Ireland is unique in Europe in that 34% of its GHG emissions is from agriculture which is very high compared to other EU member states. There was some good news recently on the recognition of forest sink credits by the EU:
IBEC Press Release, 25th October 2014
Scope to offset emissions through afforestation welcome
Reacting to this week’s European Council conclusions on 2030 climate policy, IBEC, the group that represents Irish business, today welcomed the commitment that agricultural emissions can be offset through afforestation after 2020. IBEC however highlighted the need for early clarity on the rules that will apply to this.
Acknowledging the success of the Irish negotiating team, IBEC Head of Infrastructure, Energy and Environment Dr Neil Walker said: “The new deal marks an important milestone, but is just the beginning of 12 months of tough, detailed negotiations on how individual Member State targets will be implemented.:
“Ireland looks set to have very ambitious carbon reduction targets over the coming years, regardless of whether a global deal is agreed at next year’s UN climate summit. This will undoubtedly present many challenges. It is important that the EU’s approach is flexible, fair and proportionate, so competitiveness and jobs are not adversely affected.”
Forestry & Recreation
Forests are among Ireland’s most popular and widely used amenities. This is due to their versatility and suitability for a wide range of activities involving people of all ages and abilities, from afternoon strolls and family picnics to mountain biking trails, hiking, orienteering, paint-balling, tree canopy walks and zip lining (Lough Key Forest Park). Coillte has an Open Forest Policy that allows free public access to all parts of its 445,000 ha forest estate.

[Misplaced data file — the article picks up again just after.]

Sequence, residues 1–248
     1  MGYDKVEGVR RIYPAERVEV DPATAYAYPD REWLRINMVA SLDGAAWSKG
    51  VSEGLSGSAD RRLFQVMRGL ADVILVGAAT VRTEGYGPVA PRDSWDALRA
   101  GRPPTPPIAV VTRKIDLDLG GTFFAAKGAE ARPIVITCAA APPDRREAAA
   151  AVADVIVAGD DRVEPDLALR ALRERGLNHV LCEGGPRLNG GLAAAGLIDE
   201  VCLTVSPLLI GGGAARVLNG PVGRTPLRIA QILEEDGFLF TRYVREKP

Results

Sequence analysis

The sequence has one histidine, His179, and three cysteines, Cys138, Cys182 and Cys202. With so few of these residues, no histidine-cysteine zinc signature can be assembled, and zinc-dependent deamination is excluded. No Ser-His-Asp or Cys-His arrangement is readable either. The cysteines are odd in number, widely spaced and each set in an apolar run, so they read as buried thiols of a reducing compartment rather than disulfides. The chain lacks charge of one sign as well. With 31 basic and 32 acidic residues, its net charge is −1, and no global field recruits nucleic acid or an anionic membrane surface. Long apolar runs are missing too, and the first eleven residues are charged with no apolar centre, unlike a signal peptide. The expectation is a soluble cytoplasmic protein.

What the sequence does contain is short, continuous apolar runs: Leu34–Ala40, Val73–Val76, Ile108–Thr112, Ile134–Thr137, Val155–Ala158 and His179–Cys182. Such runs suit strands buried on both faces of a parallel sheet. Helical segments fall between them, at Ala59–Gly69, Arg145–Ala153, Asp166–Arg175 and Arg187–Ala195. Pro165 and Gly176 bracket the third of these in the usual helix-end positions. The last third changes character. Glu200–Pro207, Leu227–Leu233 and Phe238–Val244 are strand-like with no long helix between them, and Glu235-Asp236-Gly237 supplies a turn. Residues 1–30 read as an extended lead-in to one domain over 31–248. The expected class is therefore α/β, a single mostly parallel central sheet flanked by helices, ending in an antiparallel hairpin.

Income from forest tourism is important in rural areas from direct income from car parking fees and permits for hunting to indirect income in Shops, Hotels, B&B’s, Pubs, restaurants etc. A report by Fitzpatrick and Associates estimated that 18 million people visit Irish forests every year providing a non-market value of €97 million or €5.40 per person. The total economic activity generated by domestic forest users is estimated at €268 million. Walking tourism, which is generally undertaken by overseas visitors, accounts for a further €138 million per annum.
Western Forestry Co-op Offices.
Please scroll down to the end of the page for our list of Western Co-op Forestry Foresters